I always joke that you should be as picky with your Back-Up Doula/Business Partner, as you are about your Life Partner/Spouse and to not be afraid to date, take a break, break-up entirely, or stay together forever… LOL but honestly, that’s pretty valid!
You want to seriously know their values, their experience, their comfort zone, their training and capabilities, availability, financial requirements, childcare situation, what supplies they bring to the table, and more!
Can you genuinely work together without conflict? Would you want this individual at YOUR birth? Would you feel comfortable at theirs?
When choosing a back-up doula to take on a client, or clients, of yours, you need to discuss and agree in several areas.
- Fee that will be provided in the event that one of you back up the other (does it change whether the back up is there 2 hours or 24 hours?)
Tip: I firmly believe that 30-50% of the birth fee is fair, especially if you provided a few prenatal appointments and intend to follow up postpartum, but also have to consider how the back-up doula has to be on-call and attend the birth, which genuinely is a lot of work. It is much easier if you collect the full payment from the client prior to birth, and pay the back-up doula yourself, so there is no confusion between the client, you and the back-up.
- What circumstances you can call them in (any and all, preferably, because emergencies get weird)
- What their availability timeframe will be (36 weeks to 42 weeks, or a slimmer timeframe? Weekends only? Weekdays only?)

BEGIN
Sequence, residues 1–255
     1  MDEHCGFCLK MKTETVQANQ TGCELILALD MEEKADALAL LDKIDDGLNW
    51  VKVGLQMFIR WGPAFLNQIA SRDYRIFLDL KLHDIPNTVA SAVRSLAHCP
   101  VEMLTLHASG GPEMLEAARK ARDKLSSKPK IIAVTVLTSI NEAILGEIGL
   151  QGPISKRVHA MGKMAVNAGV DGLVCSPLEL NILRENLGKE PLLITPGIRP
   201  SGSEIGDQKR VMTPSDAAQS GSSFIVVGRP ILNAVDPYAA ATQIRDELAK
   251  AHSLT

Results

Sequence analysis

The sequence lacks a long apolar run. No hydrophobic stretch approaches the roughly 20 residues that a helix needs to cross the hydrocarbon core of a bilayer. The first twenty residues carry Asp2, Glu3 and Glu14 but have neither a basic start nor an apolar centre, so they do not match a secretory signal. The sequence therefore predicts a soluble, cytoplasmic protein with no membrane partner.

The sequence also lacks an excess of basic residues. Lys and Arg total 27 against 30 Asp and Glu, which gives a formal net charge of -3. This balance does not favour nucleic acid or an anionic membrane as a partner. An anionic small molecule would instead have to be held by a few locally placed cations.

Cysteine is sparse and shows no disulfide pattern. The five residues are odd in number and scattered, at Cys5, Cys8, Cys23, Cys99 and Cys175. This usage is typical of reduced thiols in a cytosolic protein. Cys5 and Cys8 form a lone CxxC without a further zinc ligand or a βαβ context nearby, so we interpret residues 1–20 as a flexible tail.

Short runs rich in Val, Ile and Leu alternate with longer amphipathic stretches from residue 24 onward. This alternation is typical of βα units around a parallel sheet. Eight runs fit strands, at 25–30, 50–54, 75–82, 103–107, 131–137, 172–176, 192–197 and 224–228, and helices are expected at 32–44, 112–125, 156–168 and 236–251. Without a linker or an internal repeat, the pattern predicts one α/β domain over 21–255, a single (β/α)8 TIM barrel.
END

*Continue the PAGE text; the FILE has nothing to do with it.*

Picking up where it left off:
- How quickly can they get to a birth? Where is their home-base (where they live)?
- What can they bring to a birth? What if they do not have the same tools in their bag that your client prefers?
- What experience/training do they have? Is it pretty equivalent to yours? If not, how can you ensure they do?
Tip: I prefer to attend a birth or two with my back-ups before relying on them AS a back-up, so I can see their style, if they are honest about their availability, their energy in a birth space, and more. If it takes them 2 hours to get there when they live 20 minutes away, they seem confused or intimidated in the birth space, this does not necessarily mean that they are completely written off, but it does mean we need to have a new discussion on realistic expectations, needs, and how we can address their energy and how to improve. You have to be able to have open communication.
- Do they have a friendly face, demeanor, and energy in general? If you were interviewing for a doula for your birth, would you hire them? You definitely do not want your clients feeling disappointed in the services your back-up doula provided because then they will feel disappointed in YOU and your business, and will be less likely to recommend you, and hire you in the future.
A Back-Up Doula is a Must Have
ALWAYS discuss the possibility of a back-up with your clients, even if you see no way that it could happen. Your clients need to have their contact information, business information, and potentially even an option to meet them – just in case! If you got struck by lightning, got into a severe car accident, or had a serious family emergency, you would want the comfort of knowing your back-up doula had everything covered and your clients would not be left feeling alone.
Whomever you hire, remember you are not stuck with them forever if they are absolutely terrible and do not be afraid to break it off if the relationship stinks, because your clients are a priority! Interview and meet with several different people as potential back-up doulas.
Some doula businesses even run on a two-doula method, where two doulas attend prenatal appointments, births, and postpartum together, or they alternate attendance. There are also doula agencies that clients may receive one of several different doulas. If this is something you are interested in, you should definitely explore it for your business, they are cool models of business!